Joe Dixon’s

Football Memories



Your Memories

If you would like to share an outstanding/special football memory which relates to the 60’s, 70’s or 80’s go to my CONTACT ME page.

                       1. Ray Swansbury  :- A hero and didn’t know it.

                       2. Alfie Bell             :- Here’s a funny story.

                       3. Larry Philips        :- My mate PELE.    

                       4. Billy Anderson     :- The best game of my life

                       5. Colin Fotland       :- Wembley dream, Dennis Law and George Best

                       6. Norman Baird      :- George Hardwick (Middlesbrough & England) All Stars

Ray Swansbury recalled a game from the 1962/1963 season playing for Ryhope YC Juniors against Hylton CW Juniors. This was Ryhope's first ever season in the Hetton Junior League and at this time Hylton were the best team in the League and went on to finish as champions.

This is what happened.

The game was played at Hylton and within 5 mins Ryhope had conceded a penalty. Ray saved the shot and as the ball run loose he recovered quickly to smother the ball only to receive a kick in the head for his bravery. Unable to carry on he was replaced in goal by Billy Todd leaving Ryhope with only 10 men. As it turned out Billy was having a great game and despite the continual pressure from this strong Hylton side a 0-0 draw was becoming a distinct possibility.

However with only 5 minutes to go Ray, who had spent most of the game in the dressing room, was insisting he wanted to go back on despite Ernie Carlin , the trainer, trying to talk him out of it by telling him that Ryhope were losing by 10-0. Reluctantly Ernie let him come back on and Ray, who was still in a bit of a daze, went on to the left wing. A breakaway attack by Ryhope saw Terry Barnes cross from the right wing and a first time shot from, of all people, Ray who had wandered into the penalty area, and steered it into the net to win the match 1-0 and was mobbed by the whole team. In normal circumstances this would have been a great result but playing the whole game with virtually 10 men was incredible.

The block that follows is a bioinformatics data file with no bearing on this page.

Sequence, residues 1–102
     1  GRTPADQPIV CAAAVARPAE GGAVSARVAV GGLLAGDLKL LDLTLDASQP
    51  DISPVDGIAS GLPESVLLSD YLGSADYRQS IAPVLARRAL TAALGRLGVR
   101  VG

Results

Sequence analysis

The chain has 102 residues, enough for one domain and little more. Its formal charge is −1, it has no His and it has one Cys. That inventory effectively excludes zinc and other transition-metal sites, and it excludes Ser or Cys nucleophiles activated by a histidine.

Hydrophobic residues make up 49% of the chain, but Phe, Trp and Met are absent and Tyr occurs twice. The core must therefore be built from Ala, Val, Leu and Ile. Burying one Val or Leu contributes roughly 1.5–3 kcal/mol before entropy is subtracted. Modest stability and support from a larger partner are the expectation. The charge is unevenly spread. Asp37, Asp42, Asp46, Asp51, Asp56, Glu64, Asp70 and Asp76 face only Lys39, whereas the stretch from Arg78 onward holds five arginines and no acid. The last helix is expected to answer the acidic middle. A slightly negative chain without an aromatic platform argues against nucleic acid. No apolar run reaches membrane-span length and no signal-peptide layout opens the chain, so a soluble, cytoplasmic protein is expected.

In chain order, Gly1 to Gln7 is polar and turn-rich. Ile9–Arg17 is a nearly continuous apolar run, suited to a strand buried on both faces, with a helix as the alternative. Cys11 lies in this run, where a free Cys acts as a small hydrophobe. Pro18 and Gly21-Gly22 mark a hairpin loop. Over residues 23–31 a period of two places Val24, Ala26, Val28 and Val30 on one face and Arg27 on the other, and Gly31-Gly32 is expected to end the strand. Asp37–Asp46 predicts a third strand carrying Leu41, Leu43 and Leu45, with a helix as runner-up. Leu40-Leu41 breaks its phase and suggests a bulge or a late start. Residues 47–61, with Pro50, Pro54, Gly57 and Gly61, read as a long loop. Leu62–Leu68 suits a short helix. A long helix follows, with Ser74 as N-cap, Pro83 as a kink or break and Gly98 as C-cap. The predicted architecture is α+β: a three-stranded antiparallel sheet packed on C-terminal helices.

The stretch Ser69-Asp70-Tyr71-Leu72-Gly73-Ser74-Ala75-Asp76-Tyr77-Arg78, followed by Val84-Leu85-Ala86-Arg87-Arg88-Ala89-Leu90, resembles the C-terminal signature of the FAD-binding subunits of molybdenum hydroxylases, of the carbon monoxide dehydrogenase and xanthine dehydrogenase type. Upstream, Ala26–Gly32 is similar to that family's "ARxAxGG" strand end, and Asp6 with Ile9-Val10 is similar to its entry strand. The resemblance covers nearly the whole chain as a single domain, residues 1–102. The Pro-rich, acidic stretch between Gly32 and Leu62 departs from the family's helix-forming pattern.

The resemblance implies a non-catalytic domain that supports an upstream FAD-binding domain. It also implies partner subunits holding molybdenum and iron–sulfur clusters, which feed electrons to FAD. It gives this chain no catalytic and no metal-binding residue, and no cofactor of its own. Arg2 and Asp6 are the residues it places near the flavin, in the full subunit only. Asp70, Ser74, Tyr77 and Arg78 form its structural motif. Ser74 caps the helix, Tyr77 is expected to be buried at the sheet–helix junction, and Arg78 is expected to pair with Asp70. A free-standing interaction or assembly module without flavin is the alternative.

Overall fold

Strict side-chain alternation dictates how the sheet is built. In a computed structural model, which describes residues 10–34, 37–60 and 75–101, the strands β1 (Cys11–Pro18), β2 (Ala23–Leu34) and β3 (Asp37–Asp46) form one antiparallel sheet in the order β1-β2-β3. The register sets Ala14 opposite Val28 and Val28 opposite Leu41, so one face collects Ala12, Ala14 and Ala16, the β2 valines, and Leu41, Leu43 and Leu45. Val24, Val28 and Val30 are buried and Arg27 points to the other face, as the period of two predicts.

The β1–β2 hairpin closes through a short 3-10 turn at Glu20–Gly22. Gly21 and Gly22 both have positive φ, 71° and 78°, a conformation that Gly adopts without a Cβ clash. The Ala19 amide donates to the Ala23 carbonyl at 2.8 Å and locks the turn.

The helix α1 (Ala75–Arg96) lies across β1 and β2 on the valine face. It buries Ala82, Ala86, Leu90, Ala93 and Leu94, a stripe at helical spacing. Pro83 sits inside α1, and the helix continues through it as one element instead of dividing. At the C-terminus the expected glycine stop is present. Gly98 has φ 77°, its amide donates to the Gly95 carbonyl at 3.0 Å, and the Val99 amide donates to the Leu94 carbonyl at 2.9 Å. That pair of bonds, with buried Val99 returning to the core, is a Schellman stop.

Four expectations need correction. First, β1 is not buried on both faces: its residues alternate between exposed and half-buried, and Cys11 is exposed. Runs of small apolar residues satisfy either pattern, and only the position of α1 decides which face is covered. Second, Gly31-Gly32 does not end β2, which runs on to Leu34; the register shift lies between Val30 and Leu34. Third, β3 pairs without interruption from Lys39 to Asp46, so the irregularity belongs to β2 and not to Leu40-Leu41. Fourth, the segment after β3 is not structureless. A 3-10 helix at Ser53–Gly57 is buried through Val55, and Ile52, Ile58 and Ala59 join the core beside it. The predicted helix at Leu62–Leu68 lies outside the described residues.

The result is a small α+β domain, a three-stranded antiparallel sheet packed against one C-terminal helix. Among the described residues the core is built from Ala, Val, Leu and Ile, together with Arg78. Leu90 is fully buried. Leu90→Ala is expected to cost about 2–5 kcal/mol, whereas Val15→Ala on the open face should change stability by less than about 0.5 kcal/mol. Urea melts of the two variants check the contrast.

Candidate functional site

At the final whistle Ray was still in a daze and had no idea what the score was and why he had been mobbed by his team mates. He spent the next 3 days in hospital before getting the all clear. It was only then that he found out what had actually happened in this remarkable game.

Goal keepers are certainly a special breed.

Sadly Ray passed away on 14/10/2011. A great player and friend.


Alfie Bell recalls a chance meeting in 2008. In his own words 'Here's a funny story....I work in the Training section at Nissan and last year I was up at a lovely hotel in Morpeth working with some delegates from all around the North East. After 3 days I was sitting next to a bald, stocky guy at lunchtime, Chris was his name, and he started talking football, and who he played for, Seaham Red Star, Dawdon, Ryhope, Murton and I said I also played for all of those teams. Then he said his finest 2 games were beating Blue Star at their ground in a semi final and then winning the final, I said that they were my finest games also, and so it turned out it was Chris Cain, I hadn't recognised him, gone was his mop of curly hair, we had a right old laugh about it and shared a few beers and memories in the bar over the course of the week'.

I wish I could have witnessed that chance meeting between two key members of the Dawdon CW side that won the Wearside League Cup in 1985 with a 3-1 win over Eppleton CW in the final. Absolutely priceless.

The 2-1 win over the mighty Blue star in the semi final was especially sweet because it was on their own ground.

The photos below are courtesy of Alfie, and show him with Chris Cain holding the Wearside League Cup and his proud family.

Thanks Alfie.


Larry Phillips, - My Memories

I first met Joe during our games with our local rivals Ryhope CA. It is true to say they were never my favourite team. To this day I believe Joe was the difference between the two sides. He would have scored MORE goals for us, Seaham Red Star, playing with Freddy Guy. Our paths in local football crossed on many occasion's, playing & managing teams before finally playing together for the Fire Brigade Over 40s.

I would like to sincerely thank Joe for this opportunity to add my memories to his wonderful site he has created. It is amazing that in reading through Joe's career, the number of players that I can also remember and rated so highly.